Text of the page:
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The world is moving away from a standard view of advertising. Back in the ‘60s and ‘70s, advertising was fairly easy to identify. But what is it today? And what will it be tomorrow? These are the challenges that have been facing the advertising and marketing industry for at least the past decade.
Think about how hard you work, how much time and resources you put in to get a customer’s attention. It may be that you have methodically built up a content marketing powerhouse that pulls in new and returning customers. Or you invest a big part of your budget in social media advertising or print advertising.
Change. Is. Scary. There was a time, not very long ago, when marketers were the only ones that had the resources to get the message out about products. And they did it through print, TV, and radio ads. And because of this one-sided power, advertisers would pretty much just say whatever ridiculous bunk they could come up with to sell their product.
Skeptical Millennials (defined as ages 18-34) are a notoriously hard-to-reach demographic for marketers. But a new social media outlet can help – Snapchat. For experienced marketers unfamiliar with Snapchat, it’s like direct mail, in that you can send messages to potential customers with images. But it’s like weird direct mail that disappears after 24 hours.
When we ask marketers about their biggest challenges, budget issues are usually at or near the top. Ecommerce marketers say size of marketing budget is the biggest challenge to their companies’ ecommerce operations. B2B marketers say lack of resources in staffing, budgeting or time are the biggest barrier to overcoming their top challenges. Everybody is challenged by the budget in some way.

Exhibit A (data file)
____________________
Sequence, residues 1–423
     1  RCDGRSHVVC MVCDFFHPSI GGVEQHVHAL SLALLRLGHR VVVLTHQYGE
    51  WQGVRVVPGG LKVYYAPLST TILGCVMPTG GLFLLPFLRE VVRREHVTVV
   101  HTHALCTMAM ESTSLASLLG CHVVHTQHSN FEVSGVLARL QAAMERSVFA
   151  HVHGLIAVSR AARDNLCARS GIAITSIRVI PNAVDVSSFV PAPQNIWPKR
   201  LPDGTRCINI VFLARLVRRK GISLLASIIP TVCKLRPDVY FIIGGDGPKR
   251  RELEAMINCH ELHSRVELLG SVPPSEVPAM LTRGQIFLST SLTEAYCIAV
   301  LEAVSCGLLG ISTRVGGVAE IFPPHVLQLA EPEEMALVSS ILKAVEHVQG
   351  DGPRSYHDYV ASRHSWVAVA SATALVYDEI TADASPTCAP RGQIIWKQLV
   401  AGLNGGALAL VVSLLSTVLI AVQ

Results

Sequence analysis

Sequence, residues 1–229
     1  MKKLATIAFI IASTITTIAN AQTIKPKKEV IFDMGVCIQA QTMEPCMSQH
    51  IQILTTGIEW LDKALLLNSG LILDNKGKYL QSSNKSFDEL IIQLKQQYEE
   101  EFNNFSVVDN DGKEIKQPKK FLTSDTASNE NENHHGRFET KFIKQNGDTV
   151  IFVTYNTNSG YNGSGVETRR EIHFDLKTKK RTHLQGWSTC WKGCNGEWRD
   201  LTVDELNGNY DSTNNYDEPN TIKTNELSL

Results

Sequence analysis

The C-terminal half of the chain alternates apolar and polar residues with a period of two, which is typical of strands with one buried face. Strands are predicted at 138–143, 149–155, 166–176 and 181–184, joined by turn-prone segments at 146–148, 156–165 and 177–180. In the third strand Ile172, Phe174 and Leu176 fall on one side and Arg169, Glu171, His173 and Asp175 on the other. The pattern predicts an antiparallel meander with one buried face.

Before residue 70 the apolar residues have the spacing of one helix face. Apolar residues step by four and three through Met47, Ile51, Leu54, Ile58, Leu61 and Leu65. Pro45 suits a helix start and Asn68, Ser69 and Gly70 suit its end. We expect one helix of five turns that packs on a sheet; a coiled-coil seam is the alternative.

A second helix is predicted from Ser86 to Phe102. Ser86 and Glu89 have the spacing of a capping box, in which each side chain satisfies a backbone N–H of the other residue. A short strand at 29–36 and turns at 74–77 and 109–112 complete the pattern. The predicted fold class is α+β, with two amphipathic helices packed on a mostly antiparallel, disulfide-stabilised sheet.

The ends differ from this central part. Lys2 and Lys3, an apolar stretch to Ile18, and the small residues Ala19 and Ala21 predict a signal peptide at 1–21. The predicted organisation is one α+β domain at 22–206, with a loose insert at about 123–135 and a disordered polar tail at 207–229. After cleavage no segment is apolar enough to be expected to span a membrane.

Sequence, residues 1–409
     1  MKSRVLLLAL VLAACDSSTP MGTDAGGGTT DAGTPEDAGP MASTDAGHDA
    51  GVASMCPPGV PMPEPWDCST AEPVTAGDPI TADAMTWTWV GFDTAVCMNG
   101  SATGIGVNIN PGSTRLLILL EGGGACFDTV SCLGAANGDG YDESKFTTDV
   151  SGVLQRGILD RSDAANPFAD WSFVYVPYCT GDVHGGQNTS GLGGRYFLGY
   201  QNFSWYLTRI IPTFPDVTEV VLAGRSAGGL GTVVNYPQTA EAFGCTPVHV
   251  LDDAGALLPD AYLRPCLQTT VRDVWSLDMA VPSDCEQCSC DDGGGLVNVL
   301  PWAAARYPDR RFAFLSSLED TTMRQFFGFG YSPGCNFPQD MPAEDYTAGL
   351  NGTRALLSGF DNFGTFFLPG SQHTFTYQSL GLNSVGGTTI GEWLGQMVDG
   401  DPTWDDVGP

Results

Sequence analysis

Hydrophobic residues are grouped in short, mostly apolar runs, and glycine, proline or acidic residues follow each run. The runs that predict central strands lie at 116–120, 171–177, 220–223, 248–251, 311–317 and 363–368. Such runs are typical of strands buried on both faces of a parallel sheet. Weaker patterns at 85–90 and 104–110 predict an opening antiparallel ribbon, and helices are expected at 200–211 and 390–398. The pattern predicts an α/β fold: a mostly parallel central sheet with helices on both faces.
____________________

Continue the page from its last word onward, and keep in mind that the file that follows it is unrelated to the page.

If you’re an entrepreneur running a startup and begin to find some success, you will likely face a crossroads: Should I bootstrap, funding the business myself with personal savings and/or ongoing revenue? Should I procure funding and give away ownership interests to a venture capitalist or private equity firm? To help you make this decision, we interviewed Brian Fricano, Founder/CEO, Sustainab.
What do you include in your social media marketing budget? Most marketers focus on elements like software and tools, paid advertising, social media management, and content creation. But let me introduce a radical idea – the physical customer experience is a worthwhile investment as part of your social media marketing budget. Sounds crazy, right? That’s in someone else’s department.
It’s paramount to emphasize a military-like service in the corporate world, according to Joe Peppers, Ecommerce Market Sector Leader, Weitz company in his MarketingSherpa Media Ce ...
Fiduciary duty. These words have been in the news lately, as the government seeks to require that financial advisors have a fiduciary duty to their customers in certain cases. A fiduciary duty is a legal duty to act solely in another party’s interests. So what this new regulation essentially means is, financial advisors must put customer’s interests before their own.
There are so many impressive things you can do with your website these days. Augmented realty. Rich animations. Micro-interactions. Interactive infographics. But I like to think of it like this … When the quarterback throws a 90-yard touchdown pass, the camera cuts to the wide receiver doing a celebratory dance, and then to the quarterback pumping his fist.